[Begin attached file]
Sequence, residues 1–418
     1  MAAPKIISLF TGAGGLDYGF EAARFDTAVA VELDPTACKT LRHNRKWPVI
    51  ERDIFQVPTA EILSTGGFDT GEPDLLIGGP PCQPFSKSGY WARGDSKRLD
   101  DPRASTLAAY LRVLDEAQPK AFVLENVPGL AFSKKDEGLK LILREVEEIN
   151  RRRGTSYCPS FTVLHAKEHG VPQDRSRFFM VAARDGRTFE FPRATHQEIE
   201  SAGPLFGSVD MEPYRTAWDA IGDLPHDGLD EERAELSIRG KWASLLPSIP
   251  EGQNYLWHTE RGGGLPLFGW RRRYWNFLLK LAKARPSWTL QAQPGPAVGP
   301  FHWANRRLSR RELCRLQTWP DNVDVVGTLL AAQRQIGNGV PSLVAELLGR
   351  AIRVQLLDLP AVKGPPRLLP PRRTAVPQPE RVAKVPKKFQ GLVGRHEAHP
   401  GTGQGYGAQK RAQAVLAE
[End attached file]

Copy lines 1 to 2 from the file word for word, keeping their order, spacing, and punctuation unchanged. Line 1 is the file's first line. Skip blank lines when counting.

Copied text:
Sequence, residues 1–418
     1  MAAPKIISLF TGAGGLDYGF EAARFDTAVA VELDPTACKT LRHNRKWPVI